Physical, intellectual, social and emotional abilities vary, but all children have some capacity to play. Adaptive toys are designed to help children with disabilities reach developmental goals while they experience pleasure. Toys encourage the development of cognitive, social, linguistic and physical skills by providing opportunities for sensory stimulation, hand-eye coordination, gross motor function and interaction. For example, squeezing spray bottles can prepare a child for use of a scissor. Toys also prepare children for formal education, communicating information about colors, shapes, numbers, letters, animals and words.
The toys, materials and furnishings in a play area should be physically manageable by the child. A goal is to encourage the child's independent function while adults model and supervise play. Toys should be placed within reach of the child, and furniture should be appropriate for the child’s size. All materials in a playroom---from the floor to the ceiling---should be safe, durable and easily cleaned. Since 2010, American toy manufacturers have been guided by safety standards set by the American Society for Testing and Materials (ASTM).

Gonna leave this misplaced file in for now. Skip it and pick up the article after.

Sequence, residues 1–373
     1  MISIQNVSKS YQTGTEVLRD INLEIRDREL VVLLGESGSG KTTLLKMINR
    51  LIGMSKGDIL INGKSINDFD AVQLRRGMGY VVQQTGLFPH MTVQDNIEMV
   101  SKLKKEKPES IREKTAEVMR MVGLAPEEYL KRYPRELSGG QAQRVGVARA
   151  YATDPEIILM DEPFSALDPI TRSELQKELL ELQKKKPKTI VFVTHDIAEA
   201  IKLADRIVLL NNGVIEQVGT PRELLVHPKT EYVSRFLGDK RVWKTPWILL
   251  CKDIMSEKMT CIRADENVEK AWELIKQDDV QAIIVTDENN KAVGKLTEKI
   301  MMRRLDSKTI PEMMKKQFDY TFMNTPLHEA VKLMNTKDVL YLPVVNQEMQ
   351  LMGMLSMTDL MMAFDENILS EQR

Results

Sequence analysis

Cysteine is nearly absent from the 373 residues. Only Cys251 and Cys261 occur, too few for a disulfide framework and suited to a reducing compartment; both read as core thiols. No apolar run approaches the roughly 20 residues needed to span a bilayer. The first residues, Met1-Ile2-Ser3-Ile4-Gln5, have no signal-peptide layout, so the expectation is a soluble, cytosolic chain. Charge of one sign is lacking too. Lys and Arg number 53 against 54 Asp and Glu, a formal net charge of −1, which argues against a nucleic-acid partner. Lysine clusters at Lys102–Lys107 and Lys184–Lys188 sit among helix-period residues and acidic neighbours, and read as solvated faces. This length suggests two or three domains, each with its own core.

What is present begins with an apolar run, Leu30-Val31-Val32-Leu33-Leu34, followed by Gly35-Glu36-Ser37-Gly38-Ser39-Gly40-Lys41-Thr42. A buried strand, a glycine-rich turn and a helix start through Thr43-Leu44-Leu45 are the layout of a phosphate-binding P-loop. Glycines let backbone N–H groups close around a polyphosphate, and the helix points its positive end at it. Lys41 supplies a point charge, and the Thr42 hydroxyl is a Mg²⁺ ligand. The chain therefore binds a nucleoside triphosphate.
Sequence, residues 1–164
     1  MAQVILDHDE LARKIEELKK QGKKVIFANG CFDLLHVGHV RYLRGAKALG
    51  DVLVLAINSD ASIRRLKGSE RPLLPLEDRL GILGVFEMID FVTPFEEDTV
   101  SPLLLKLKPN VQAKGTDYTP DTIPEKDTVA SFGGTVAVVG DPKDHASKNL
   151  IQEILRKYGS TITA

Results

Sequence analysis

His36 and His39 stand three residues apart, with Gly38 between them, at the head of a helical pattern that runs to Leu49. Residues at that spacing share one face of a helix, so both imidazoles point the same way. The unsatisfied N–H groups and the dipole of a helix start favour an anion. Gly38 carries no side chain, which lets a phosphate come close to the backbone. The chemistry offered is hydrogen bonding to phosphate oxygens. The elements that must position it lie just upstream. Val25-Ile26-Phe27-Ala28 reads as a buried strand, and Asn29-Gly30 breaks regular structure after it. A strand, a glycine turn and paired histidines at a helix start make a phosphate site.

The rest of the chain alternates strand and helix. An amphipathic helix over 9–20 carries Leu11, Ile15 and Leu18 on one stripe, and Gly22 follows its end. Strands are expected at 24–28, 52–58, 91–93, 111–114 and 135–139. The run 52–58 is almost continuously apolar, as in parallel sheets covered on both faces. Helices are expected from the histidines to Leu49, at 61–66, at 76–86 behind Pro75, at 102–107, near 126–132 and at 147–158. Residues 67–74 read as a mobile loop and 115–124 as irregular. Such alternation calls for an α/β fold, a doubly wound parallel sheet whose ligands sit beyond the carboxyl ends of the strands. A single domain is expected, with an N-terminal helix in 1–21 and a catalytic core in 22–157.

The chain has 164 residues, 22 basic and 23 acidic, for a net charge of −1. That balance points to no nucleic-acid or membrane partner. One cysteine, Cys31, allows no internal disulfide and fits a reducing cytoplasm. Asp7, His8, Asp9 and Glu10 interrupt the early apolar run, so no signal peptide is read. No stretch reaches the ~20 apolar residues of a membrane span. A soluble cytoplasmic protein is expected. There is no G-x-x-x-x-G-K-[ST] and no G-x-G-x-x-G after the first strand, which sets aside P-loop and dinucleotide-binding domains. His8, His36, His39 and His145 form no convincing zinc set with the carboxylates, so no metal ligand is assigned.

Many adaptive toys are controlled by a capability switch, a battery powered, on/off mechanism that activates a toy’s function via touch. Capability switches are designed to allow children with motor impairments to “turn on” toys. They also teach cause and effect and give children a sense of control over their environment.
Playroom preparations for family members with disability vary with the nature of the disability. For example, children with physical disabilities may require a seat-belt for their chair or a tray that is placed between wheelchair arms and used as a play surface. Children with low vision will benefit from bright, contrasting colors that distinguish different playroom areas, and guard rails along the playroom’s wall that serve as a guide. Sound-proofing may be helpful to children with cognitive disabilities who become easily distracted. Everyone who uses a basement playroom will benefit from good lighting.
The needs of parents and grandparents with disabilities should be considered when planning a playroom. Adults with disabilities will be able to supervise and share their children’s play if the playroom and its materials are accessible to them.
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